So, Wildfire needs to figure out a way to still count valid votes (ie, 15,000 Dell employees potentially sharing one IP Address) while weeding out the cookie-clearing-cheaters who just stayed at one computer, clearing their cache, and voting again over and over.

There is other information typically provided by your browser to the voting app as well, and that’s the version of browser you’re using.  For example, if you go to ipchicken.com, it will tell you the IP Address you look like on the Internet and the browser you look like (you will also get a chicken, but that’s beside the point).

In my case, it’s

Mozilla/5.0 (Windows; U; Windows NT 6.1; en-US) AppleWebKit/534.16 (KHTML, like Gecko) Chrome/10.0.648.204 Safari/534.16

Wildfire can use that information, along with timing of votes, to attempt to identify cheaters.

Now, the super-web-savvy people out there are already saying “well, what if I used a different browser?  and a different IP Address?”  Yes, yes, yes, there’s always another step you can take towards cheating and there’s always another step the contest has to take to prevent cheating.  The trick is — how much fraud prevention should they do?  What’s an acceptable amount of risk?

As I put in one of the entry comments, I fully expect Wildfire to do their due diligence with this contest. This is what they do for a living – online promotions, online contests, and voting.  They do this to promote an idea, a band, an album, or a brand.  They wouldn’t be in business if they didn’t at least have some basic protections against these types of fraud.

Therefore, I’m thinking that 18 hours between voting and judging is so Wildfire can toss out the obvious duplicate votes and provide Duran Duran with the real Top 10 winners.

And to Wildfire, I pre-emptively say


Our hope at this point

As I said above, I don’t think she made it since she was in 13th place in the last remaining minutes before contest end.  But there’s a lingering chance that some of the 12 entries ahead of her had duplicate or otherwise fraudulent votes, and would then be thrown out.  Or, if not the entry itself thrown out, maybe the duplicate / fraudulent votes themselves are somehow removed, and a new ranking of eligible votes is used.

If that’s the case, and her entry had the Top 10 eligible votes, then it could be she goes on.

Also, as shown on the Judging tab on the website, it describes how the winners will be selected.  It says

We’re looking for a fan artist who captures the feel of the All You Need Is Now album and does it with passion, creativity and beauty.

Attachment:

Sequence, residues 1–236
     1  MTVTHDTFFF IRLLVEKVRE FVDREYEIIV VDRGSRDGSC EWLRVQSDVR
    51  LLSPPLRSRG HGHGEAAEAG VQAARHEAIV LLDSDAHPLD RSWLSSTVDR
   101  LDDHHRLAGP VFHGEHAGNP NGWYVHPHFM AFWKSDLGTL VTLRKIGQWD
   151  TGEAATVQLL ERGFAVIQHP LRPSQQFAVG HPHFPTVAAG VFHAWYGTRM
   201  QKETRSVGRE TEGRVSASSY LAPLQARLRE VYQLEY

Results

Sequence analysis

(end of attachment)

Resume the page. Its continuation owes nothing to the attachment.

We all know art is subjective, and several of the entries in the top 10 don’t look like it captures the feel of All You Need Is Now album at all – it just looks like fan art (not that fan art is bad… just that it’s not inspired by the latest album).

My wife’s entry was inspired by the latest album – the electricity, the colors, the chaos… even the letters themselves are from the font being used on the latest album.  So, it’s possible that the judges take that more into account than most people realize, and that would help her entry be counted in the Top 10.

Either way, we won’t know for 9 days.

At this time, Wildfire has closed down the listing of all entries by vote count.  They only show the top 5 on one page, and all entries on the other page.

In closing, it’s been a fun ride, and I’m thankful to Wildfire, Skin Divers, Facebook, and Duran Duran for hosting or helping with this contest.  Duran Duran fans truly are brilliant, creative and fun folks, and Duran Duran has known that for a looooong time.  I’m glad they saw fit to run a fan artwork contest — how cool was that for the 350+ fans making artwork for their favorite band?!?!?

But most of all,


And lo, the people did comment thus:


  1. Geekytaitai says:

    I was happy to vote for Christy because her art is beautiful!

  2. martymankins says:

    Even before you mentioned the title of this blog post, I knew what it was for DD.

    Hoping that once everything is broken down into brass tacks, she’ll be in the top 10.

    Was happy to vote for a fellow DD fan and her creative side.

    • whall says:

      martymankins – many thanks, my friend. I thought about submitting my own art, which was going to be a video collage of me riding a scooter around in the snow on Sunday, singing out New Moon On Monday, but you know, the time just got away from me.

  3. Sybil Law says:

    Best of luck – and you’re welcome!
    Don’t worry about the whiners. People who know you know you wouldn’t cheat.

  4. Sarah says:

    Some people suck and just always want to whine.

    I voted and I hope they remove the duplicate votes and we can see the REAl winners! And I hope she made it because I DID like hers the best.

  5. Absurdist says:

    I actually read this entire blog entry. Wayne, you are so not allowed to complain about my verbosity anymore.

    I enjoyed it because it was kinda like the first five minutes of a convo with you. hehehehe.

  6. Tug says:

    You’re welcome. 😉 Hopefully things will at least be fair, much luck to Christy!

  7. Avitable says:

    I found her work to really feel like it belonged with Duran Duran – it was excellent, and I do hope she wins, and if she doesn’t, she should have.

  8. miranda says:

    hi all,i can’t see her entry on the duran contest site in the top ten, or am i looking in the wrong place! help! http://apps.facebook.com/contestshq/contests/94045/voteable_entries/list?ogn=facebook&order=votes&view_entries=1